What do flexitarians eat?

This week, I reached an all time, millennial-hipster high.

I used my Keep Cup to earn me a discount on my flat whites (because plastic cups are the enemy). I worked as a freelancer from a shared, city centre work space (because office-based working isn’t for me hence why I quit my job to travel). And I went to IKEA to buy succulents (’cause apparently I find comfort and satisfaction in caring for squidgy, spiky green plants).

My eating habits got decidedly hipster this week, too.

I heard the term ‘flexitarianism’ a few times last year and at first I thought what a load of millennial, hipster rubbish. But one week into Veganuary (I want to learn more plant-based cooking) and I realise, I actually am a true ‘flexitarian…’ but what the hell does that mean?!

Sophie's Scran - food blogger Manchester, recipe developer and freelancer
click the image for this veggie noodle soup recipe

I’m gonna keep things simple and say being ‘flexitarian’ is like being an ‘everything in moderation’ cook and eater. And by that, I mean actually achieving moderation, and it not just being some old-fashioned saying that no one ever actually accomplishes.

What does a ‘flexitarian’ eat then?

The name might be a bit cringe, but I’ve been thinking a lot about my eating habits recently, and I’d say my attitude to eating is accidentally ‘flexitarian’ because:

  • I eat a vegetarian diet a lot of the time because it’s tasty and cheap
  • I don’t want to limit myself to being “pescatarian” or “vegan” but rather adopt elements of those ways of eating into my own habits
  • I care now more than ever about what I am eating and where it comes from.

Basically, they eat anything. A few days a week they might be veggie, one or two vegan, and then a few times a week eat meat and/or fish. I know that sounds like stating the obvious staples of a ‘balanced’ diet. But I am learning how to incorporate more vegan and veggies dishes into my diet so I can actually enjoy things like meat ‘in moderation’. You know?

Taking part in Veganuary

“Veganuary”; a month where people take the pledge to consume only plant-based foods. So no meat, no fish, no cow’s milk, honey, butter, no cheese. And lots of plant-baseds things like tofu, veggies and fruit, nuts and pulses, beans and lentils, hummus, potatoes, veggie sausages, hash browns fried mushrooms and baked beans (it’s brunch time, can you tell?!)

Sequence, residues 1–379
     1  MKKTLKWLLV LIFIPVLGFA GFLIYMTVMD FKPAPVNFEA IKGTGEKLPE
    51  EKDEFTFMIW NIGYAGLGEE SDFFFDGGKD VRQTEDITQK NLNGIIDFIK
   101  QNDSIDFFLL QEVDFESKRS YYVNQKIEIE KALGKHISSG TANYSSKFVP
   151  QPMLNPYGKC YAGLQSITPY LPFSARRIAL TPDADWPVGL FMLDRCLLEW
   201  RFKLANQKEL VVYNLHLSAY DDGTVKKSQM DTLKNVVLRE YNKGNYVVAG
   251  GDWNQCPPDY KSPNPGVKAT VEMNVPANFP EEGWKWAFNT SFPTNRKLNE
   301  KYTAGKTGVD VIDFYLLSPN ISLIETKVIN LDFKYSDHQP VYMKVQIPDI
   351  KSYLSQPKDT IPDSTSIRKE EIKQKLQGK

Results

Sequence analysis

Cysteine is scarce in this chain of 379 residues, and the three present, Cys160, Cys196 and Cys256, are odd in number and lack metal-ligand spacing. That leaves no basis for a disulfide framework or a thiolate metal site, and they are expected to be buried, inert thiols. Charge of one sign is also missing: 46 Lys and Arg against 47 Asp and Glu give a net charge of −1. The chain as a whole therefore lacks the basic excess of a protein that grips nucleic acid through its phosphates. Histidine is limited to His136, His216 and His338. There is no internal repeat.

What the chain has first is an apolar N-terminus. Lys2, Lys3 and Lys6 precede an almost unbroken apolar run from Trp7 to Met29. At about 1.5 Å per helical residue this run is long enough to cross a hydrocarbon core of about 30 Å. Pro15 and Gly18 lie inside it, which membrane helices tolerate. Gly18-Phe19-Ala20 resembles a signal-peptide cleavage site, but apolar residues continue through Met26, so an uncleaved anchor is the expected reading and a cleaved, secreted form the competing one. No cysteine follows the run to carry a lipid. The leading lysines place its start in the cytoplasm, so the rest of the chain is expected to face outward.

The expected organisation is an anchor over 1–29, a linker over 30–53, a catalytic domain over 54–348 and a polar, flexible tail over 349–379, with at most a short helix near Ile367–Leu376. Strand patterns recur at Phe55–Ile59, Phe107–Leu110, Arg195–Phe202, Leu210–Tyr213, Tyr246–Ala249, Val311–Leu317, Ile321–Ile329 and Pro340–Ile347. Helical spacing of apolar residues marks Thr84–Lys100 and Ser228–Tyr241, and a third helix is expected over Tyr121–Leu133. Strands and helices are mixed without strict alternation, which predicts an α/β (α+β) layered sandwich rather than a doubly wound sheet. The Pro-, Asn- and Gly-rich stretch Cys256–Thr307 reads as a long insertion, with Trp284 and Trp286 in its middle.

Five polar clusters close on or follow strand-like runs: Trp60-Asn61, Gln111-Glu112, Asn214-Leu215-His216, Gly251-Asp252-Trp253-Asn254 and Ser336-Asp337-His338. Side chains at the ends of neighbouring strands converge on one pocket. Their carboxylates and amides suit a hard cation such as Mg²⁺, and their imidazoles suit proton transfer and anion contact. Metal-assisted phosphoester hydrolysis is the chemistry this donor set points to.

What I hope to get out of this vegan month isn’t just to take part in a hipster-esque movement. But to learn to cook with plant-based ingredients so that going forwards I can easier incorporate veganism into my already varied, flexible diet. Which is what the flexitarian way of scranning is all about 😋


My first vegan recipe will be my take on the classic spaghetti bolognese (still a staple dish in my house) and then a 10-bean chilli and some smoked-tofu ramen bowls too.


  1. Dannii
    9 January 2018 / 5:07 pm

    I think most people would call themselves a flexitarian as they don’t like to label themselves to one way of eating.

    • Sophie
      9 January 2018 / 6:03 pm

      exactly. but I’m not convinced everyone is actually comfortable with the term flexitarian. but I think it summarises an approach to eating that genuinely does promote balance and not an over-consumption of one or the other food groups!

  2. 9 January 2018 / 5:37 pm

    I reli think chilli taste better without meat! Lots of cheese still though…

    • Sophie
      9 January 2018 / 6:03 pm

      interesting! I am working on my chilli recipe at the moment, so many beans! i love it! I’ve not really missed cheese yet but only 9 days in so time will tell

  3. Vicki Mellard
    24 January 2018 / 8:23 pm

    This ! Is ! Me ! And something I feel strongly about- I’m not a fan of labels as it can be restricting and limiting but this one if I had to pick is the one I would use xx

    • Sophie
      25 January 2018 / 9:22 am

      hey Vick, yeah I totally agree. and I think the term ‘flexitarian’ teamed with trying Veganuary has really opened my mind to ingredients like tofu and beans and pulses, so much so that I will confidently be able to incorporate them into my diet now better than before!

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